VimeoSome articles have Vimeo videos embedded in them. (Privacy Policy)
    PaypalThis is used for a registered author who enrolls in the HubPages Earnings program and requests to be paid via PayPal. No data is shared with Paypal unless you engage with this feature. (Privacy Policy)
    Facebook LoginYou can use this to streamline signing up for, or signing in to your Hubpages account. No data is shared with Facebook unless you engage with this feature. (Privacy Policy)
    MavenThis supports the Maven widget and search functionality. (Privacy Policy)
    Marketing
    Google AdSenseThis is an ad network. (Privacy Policy)
    Google DoubleClickGoogle provides ad serving technology and runs an ad network. (Privacy Policy)
    Index ExchangeThis is an ad network. (Privacy Policy)
    SovrnThis is an ad network. (Privacy Policy)
    Facebook AdsThis is an ad network. (Privacy Policy)
    Amazon Unified Ad MarketplaceThis is an ad network. (Privacy Policy)
    AppNexusThis is an ad network. (Privacy Policy)
    OpenxThis is an ad network. (Privacy Policy)
    Rubicon ProjectThis is an ad network. (Privacy Policy)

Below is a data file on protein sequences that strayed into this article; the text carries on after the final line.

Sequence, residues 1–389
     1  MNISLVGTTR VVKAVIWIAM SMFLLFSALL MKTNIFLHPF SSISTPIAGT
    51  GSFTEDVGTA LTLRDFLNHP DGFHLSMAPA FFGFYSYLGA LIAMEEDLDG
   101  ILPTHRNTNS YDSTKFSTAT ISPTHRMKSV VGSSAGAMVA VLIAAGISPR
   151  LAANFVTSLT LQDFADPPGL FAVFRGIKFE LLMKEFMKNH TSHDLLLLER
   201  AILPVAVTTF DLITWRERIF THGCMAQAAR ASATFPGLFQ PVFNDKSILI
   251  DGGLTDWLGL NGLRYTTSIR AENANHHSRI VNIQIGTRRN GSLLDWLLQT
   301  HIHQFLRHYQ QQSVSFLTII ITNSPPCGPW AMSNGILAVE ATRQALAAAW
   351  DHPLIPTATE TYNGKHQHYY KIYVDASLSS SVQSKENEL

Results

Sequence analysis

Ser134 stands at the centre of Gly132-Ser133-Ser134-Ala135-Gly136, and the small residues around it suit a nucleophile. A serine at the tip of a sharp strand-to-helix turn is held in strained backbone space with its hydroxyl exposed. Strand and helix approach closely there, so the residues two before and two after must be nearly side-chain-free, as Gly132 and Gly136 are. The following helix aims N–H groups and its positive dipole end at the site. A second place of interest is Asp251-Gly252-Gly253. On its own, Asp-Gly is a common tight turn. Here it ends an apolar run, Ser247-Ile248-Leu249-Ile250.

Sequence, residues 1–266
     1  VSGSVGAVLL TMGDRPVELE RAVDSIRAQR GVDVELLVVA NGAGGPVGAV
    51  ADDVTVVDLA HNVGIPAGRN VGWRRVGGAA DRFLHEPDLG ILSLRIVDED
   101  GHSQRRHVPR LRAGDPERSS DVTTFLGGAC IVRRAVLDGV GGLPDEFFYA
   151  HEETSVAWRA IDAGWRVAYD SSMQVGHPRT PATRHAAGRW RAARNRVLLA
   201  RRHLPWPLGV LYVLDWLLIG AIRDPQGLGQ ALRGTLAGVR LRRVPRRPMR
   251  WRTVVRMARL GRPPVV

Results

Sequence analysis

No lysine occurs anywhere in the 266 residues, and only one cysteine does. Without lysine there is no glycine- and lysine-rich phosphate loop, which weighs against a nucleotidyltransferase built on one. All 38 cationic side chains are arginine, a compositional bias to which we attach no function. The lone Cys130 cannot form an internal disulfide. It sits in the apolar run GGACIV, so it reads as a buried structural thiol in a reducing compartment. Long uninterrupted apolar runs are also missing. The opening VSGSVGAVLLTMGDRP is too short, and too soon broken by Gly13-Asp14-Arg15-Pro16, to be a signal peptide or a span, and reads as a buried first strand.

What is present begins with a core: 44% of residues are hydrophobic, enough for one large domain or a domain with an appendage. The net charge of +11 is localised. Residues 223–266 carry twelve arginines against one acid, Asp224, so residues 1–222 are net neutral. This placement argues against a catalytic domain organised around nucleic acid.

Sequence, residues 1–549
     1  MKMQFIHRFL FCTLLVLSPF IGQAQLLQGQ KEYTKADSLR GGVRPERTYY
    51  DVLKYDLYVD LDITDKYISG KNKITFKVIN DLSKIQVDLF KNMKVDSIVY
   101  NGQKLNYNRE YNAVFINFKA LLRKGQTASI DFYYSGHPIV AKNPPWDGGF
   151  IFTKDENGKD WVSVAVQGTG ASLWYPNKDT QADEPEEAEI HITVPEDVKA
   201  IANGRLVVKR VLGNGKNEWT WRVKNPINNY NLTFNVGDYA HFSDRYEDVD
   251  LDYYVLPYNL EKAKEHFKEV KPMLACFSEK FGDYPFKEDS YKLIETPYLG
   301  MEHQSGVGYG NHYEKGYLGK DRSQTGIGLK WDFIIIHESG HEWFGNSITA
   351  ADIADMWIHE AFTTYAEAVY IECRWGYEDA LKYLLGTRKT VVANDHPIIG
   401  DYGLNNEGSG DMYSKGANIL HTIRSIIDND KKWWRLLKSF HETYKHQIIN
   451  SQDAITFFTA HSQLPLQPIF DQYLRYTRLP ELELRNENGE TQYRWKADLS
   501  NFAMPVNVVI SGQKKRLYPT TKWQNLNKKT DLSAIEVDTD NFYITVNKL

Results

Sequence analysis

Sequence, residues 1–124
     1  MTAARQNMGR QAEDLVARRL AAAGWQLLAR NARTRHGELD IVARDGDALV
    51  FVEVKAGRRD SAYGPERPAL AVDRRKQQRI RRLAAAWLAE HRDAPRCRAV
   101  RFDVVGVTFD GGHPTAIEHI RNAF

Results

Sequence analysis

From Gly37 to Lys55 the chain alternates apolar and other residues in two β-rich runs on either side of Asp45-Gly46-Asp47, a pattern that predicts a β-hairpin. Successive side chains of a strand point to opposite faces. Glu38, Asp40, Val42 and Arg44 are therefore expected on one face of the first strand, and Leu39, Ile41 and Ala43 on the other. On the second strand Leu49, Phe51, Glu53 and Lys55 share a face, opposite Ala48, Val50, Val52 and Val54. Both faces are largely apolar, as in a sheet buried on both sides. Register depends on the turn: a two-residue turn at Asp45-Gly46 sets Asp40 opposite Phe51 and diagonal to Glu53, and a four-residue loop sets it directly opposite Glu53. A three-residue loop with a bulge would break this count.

TripleLiftThis is an ad network. (Privacy Policy)
    Say MediaWe partner with Say Media to deliver ad campaigns on our sites. (Privacy Policy)
    Remarketing PixelsWe may use remarketing pixels from advertising networks such as Google AdWords, Bing Ads, and Facebook in order to advertise the HubPages Service to people that have visited our sites.
    Conversion Tracking PixelsWe may use conversion tracking pixels from advertising networks such as Google AdWords, Bing Ads, and Facebook in order to identify when an advertisement has successfully resulted in the desired action, such as signing up for the HubPages Service or publishing an article on the HubPages Service.
    Statistics
    Author Google AnalyticsThis is used to provide traffic data and reports to the authors of articles on the HubPages Service. (Privacy Policy)
    ComscoreComScore is a media measurement and analytics company providing marketing data and analytics to enterprises, media and advertising agencies, and publishers. Non-consent will result in ComScore only processing obfuscated personal data. (Privacy Policy)
    Amazon Tracking PixelSome articles display amazon products as part of the Amazon Affiliate program, this pixel provides traffic statistics for those products (Privacy Policy)